UFE Votes on Representation Fee

UFE Members will vote on the Representation Fee by paper ballot at the polling station set up in the SemII Cluster Support Office (SemII A2117) during the following dates and times:

Thursday April 28 – Noon-1pm and 5-6pm in A2117

Friday April 29 – Noon-1pm and 5-6pm in A2117

Monday May 2 – Noon-1pm and 5-6pm in A2117

Tuesday May 3 – Noon-1pm and 5-6pm in A2117

Upon request from the member, absentee ballots will be made available. Please email Grace Huerta for an absentee ballot at: gracehue@gmail.com

Supreme Court upholds 1977 ruling affirming representation fees

On March 29, 2016 the US Supreme Court let stand a lower court ruling upholding the rights of unions to charge representation fees for collective bargaining. The ruling reaffirms a 1977 legal precedent that affirmed such fees.

See the New York Times article here.

For a more pro-union perspective, see the article from The Stand here. The Stand is a newsletter from the Washington State Labor Council. This article quotes Senator Patty Murray on the Supreme Court’s March 29th announcement about the Friedrichs case:

“This is good news for workers, unions, families, and the economy. With the lower court ruling being affirmed by a deadlocked Supreme Court, this latest assault on the ability of teachers, nurses, and other public servants to organize and make their voices heard in the workplace has been beaten back.

“The economy is only truly strong when it is growing from the middle out, not the top down — and unions are key in making that happen. When unions are strong, workers can fight for higher wages, more opportunities, and greater economic security for themselves and their families. Many Republicans are going to keep working to tilt the scales in favor of the biggest corporations and the wealthiest Americans by making it harder for workers to band together and fight to improve and protect their wages and benefits. But as a nation, we should not turn our backs on empowering workers through collective bargaining and making sure that workers have a strong voice at the table—and this decision today upholds that principle.”

Direct link to The Stand article.

UFE Outreach and Education: Representation Fee

During winter and early spring quarters 2016, the UFE stewards are meeting with members and faculty to provide information about the possible implementation of a representation fee.  The document below defines the rep fee and answers a number of questions; it is also available as a pdf here:  Rep Fee Information Guide and FAQs.  During spring quarter, UFE members will be voting on the rep fee. If you would like further information, please contact one of the UFE officers or stewards (please see our Leadership team list.)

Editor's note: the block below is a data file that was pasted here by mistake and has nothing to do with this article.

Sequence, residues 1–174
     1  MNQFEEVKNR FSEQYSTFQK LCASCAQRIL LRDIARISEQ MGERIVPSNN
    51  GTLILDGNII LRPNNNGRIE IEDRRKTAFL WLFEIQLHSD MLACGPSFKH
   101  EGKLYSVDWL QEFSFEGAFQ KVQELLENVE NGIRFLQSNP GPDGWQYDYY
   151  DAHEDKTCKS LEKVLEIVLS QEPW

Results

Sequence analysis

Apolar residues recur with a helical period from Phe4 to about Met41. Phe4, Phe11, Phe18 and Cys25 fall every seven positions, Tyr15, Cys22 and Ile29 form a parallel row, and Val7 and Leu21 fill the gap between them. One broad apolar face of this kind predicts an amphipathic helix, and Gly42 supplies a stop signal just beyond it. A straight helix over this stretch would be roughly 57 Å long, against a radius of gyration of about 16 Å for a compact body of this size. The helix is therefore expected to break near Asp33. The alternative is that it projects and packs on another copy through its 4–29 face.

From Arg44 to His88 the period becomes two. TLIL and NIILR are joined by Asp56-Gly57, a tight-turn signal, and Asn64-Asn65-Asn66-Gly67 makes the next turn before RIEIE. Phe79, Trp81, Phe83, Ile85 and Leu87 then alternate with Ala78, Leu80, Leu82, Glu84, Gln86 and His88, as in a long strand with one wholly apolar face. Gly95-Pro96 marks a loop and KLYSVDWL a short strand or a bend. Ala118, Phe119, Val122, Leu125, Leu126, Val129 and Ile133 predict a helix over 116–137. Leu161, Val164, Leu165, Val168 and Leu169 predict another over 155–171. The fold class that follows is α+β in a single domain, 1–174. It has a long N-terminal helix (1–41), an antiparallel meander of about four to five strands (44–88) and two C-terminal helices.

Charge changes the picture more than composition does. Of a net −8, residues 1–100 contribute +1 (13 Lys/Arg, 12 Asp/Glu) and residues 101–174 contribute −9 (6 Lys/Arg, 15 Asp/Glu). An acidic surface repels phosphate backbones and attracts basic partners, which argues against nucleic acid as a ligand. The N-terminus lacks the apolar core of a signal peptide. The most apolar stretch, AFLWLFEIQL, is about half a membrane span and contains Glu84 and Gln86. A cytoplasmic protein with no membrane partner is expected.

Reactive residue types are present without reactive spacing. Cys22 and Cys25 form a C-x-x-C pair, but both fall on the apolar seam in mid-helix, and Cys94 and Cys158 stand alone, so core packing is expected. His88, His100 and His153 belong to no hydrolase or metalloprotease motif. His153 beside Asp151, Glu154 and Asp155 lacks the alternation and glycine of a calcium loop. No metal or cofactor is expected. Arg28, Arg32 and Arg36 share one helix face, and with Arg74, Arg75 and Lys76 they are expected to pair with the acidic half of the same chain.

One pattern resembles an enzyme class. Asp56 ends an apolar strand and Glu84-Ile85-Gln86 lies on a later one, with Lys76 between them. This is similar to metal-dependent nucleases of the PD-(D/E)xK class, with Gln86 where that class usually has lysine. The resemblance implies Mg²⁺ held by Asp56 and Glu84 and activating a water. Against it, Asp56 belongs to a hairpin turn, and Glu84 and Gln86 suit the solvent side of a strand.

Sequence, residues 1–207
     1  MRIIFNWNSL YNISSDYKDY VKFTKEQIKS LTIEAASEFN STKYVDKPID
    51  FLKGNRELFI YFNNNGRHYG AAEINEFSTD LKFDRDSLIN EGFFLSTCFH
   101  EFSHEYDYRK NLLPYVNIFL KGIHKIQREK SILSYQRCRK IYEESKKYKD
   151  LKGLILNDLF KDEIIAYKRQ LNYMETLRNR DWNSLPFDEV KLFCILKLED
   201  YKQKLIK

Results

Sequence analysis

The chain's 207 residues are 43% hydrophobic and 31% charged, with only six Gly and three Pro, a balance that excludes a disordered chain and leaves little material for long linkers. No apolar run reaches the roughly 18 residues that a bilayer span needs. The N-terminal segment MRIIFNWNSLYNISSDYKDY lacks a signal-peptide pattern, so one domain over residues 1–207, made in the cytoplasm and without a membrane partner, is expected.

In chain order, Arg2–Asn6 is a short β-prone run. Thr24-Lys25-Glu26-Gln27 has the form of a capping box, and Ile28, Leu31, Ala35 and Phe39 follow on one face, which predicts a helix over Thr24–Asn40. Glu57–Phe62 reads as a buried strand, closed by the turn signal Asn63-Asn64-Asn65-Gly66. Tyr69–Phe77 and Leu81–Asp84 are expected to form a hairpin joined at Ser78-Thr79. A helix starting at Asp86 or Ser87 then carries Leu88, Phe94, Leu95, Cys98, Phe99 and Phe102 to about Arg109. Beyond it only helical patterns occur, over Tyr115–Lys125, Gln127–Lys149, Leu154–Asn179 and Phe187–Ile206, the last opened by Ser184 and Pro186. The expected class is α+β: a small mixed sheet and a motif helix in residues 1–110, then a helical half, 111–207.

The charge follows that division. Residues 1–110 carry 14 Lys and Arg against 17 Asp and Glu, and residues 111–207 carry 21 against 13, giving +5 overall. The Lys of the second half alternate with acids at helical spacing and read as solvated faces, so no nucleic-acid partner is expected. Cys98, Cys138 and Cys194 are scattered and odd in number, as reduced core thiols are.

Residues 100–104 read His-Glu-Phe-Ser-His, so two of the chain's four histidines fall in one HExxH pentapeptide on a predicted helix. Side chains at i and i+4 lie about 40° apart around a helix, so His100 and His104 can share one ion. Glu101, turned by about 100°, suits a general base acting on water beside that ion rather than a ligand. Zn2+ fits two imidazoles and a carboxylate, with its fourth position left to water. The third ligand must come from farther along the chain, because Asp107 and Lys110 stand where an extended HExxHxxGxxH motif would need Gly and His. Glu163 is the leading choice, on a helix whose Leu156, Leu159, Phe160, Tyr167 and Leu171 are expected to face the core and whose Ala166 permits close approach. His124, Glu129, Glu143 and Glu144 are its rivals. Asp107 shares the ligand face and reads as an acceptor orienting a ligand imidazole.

In addition, UFE is moving toward implementing a progressive union dues rate structure, based on income, with the support of our affiliates.  Our sister union, UFWW at Western Washington University, piloted this program.  Below is Western’s model, and we hope to implement a dues scale that is similar. This would be significant for UFE, because this more progressive sliding scale would make union membership more affordable for faculty who have fewer experience years on our salary grid.  Here is Western’s Model:

UFWWdues

For comparison, click here to see the current UFE dues schedule.

We also created a document for side by side comparisons!  You can find that here. 

UFE REPRESENTATION FEE EDUCATION INITIATIVE –

INFORMATION GUIDE & FAQS

What is a representation fee?

A representation fee covers the fair share for the cost of collective bargaining, contract enforcement, and local representation by the union. A fee payer is a member of the bargaining unit who has not joined the union but who enjoys the benefits such as, salary increases, equitable improvements on working conditions and grievance representation. A description of the representation fee can be found in the current CBA (2015-17): Article 26.10.1-2 (pgs. 59-60).

We are aware of the current U.S. Supreme Court case Friedrichs v. California Teachers Association (CTA). A non-union teacher, Rebecca Friedrichs, is challenging 40 years of precedent where unions can collect representation fees from all employees covered by a CBA. (An analysis of the case can be found in a N.Y. Times op/ed entitled, “Strong Unions, Strong Democracy” at:http://www.nytimes.com/2016/01/12/opinion/strong-unions-strong-democracy.html.) Since unions are obligated to represent all workers, the CTA argues that, in solidarity, we share the financial responsibility to support unions and their work in behalf of labor. A decision on the case will likely occur this summer.

Until then, we feel it is important that we educate our members about representation fees and how they specifically pertain to the UFE. The UFE Coordinating Committee and Stewards Council support this step. Washington state employees and local public school employees have a representation fee. Faculty unions are just catching up to other workers.

Click here to continue reading the full UFE Information Guide and Frequently Asked Questions about the Rep Fee:  Rep Fee Information Guide and FAQ

See the sidebar for news links related the representation fee.